The Unwomanly Face of War (1985)
The Nobel Prize in Literature can be hard to take seriously, but we should be grateful to it for bringing global attention to the work of Svetlana Alexievich. Her first book is a wonder constructed on top of a simple, radical idea: “Everything we know about war we know with ‘a man’s voice’,” but how might war appear when described in the voices of women who lived through it? How does killing feel to beings who generate new life from their own bodies?
In the 1970s and 1980s, Alexievich travelled around the Soviet Union and spoke to women who had lived through – and fought in – the second World War, recording their experiences on tape and notebook. Persisting against wary publishers and hostile censors, she fashioned from these amassed voices a literary form that carried the spiritual drama of great Russian literature into the 20th century. While Dostoevsky and Tolstoy put the resources of the realist novel at the service of their visions, Alexievich arranges her chorus of voices into a work of nonfictional art. I defy any reader not to be continuously moved by pity, awe and horror as these stories come pouring forth, some lasting several pages, others in mere fragments.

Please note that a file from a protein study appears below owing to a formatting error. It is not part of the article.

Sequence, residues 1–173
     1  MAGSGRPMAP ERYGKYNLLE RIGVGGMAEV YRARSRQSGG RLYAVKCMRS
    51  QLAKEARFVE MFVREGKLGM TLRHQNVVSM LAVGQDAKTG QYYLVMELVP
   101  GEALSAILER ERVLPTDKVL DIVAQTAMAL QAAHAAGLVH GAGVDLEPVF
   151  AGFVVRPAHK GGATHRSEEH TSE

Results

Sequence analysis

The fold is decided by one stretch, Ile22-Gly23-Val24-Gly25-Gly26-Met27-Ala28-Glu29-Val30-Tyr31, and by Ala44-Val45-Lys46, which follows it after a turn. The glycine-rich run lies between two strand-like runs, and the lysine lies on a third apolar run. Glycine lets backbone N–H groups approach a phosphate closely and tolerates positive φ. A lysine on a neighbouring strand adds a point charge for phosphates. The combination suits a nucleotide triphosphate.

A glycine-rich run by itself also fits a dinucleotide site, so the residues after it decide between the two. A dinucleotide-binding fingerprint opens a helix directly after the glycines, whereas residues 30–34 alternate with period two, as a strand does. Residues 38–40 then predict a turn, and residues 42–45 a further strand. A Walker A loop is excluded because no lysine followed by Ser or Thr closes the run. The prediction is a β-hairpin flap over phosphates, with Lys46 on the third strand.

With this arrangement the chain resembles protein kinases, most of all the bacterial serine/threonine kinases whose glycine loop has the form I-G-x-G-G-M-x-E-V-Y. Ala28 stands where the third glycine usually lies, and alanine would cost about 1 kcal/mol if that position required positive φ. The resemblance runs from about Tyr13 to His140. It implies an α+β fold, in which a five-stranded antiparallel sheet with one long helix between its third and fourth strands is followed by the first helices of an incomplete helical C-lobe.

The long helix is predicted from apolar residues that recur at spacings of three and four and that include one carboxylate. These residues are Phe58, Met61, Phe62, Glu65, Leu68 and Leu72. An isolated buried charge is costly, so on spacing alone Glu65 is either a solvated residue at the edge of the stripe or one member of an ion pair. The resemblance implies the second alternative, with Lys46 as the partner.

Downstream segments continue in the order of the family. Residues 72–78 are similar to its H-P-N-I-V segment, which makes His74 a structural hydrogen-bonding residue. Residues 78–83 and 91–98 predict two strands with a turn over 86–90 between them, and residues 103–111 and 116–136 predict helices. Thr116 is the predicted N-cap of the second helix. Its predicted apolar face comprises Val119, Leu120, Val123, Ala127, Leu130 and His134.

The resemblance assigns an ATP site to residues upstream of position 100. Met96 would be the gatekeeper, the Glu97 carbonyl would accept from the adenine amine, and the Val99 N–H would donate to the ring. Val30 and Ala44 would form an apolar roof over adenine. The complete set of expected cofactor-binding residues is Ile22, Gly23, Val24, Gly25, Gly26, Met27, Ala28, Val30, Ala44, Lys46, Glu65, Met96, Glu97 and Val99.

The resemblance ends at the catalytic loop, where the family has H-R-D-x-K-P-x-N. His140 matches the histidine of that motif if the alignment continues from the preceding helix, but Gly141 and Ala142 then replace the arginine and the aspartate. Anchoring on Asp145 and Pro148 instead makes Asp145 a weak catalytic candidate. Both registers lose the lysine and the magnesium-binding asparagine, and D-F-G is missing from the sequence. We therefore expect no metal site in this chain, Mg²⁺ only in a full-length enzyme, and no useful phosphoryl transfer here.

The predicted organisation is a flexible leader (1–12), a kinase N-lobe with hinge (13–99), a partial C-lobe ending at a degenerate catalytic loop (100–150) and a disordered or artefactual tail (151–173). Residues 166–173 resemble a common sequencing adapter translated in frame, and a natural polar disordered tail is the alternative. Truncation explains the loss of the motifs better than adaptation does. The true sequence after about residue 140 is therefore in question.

“I think of suffering as the highest form of information,” writes Alexievich, before bringing us to the brink of information overload. In our volatile historical phase, The Unwomanly Face of War can be read as a primer for a descent into hell. The horror really is abyssal. Yet the strange, sobering revelation of the book lies in how tenderness and pity manifest alongside savagery on every page. The war that Alexievich presents is one of small, piercingly human moments salvaged from oblivion. It is a humbling read. At the outset of her career, Alexievich established mastery of a literary form as majestic, capacious and tragic as Russia itself.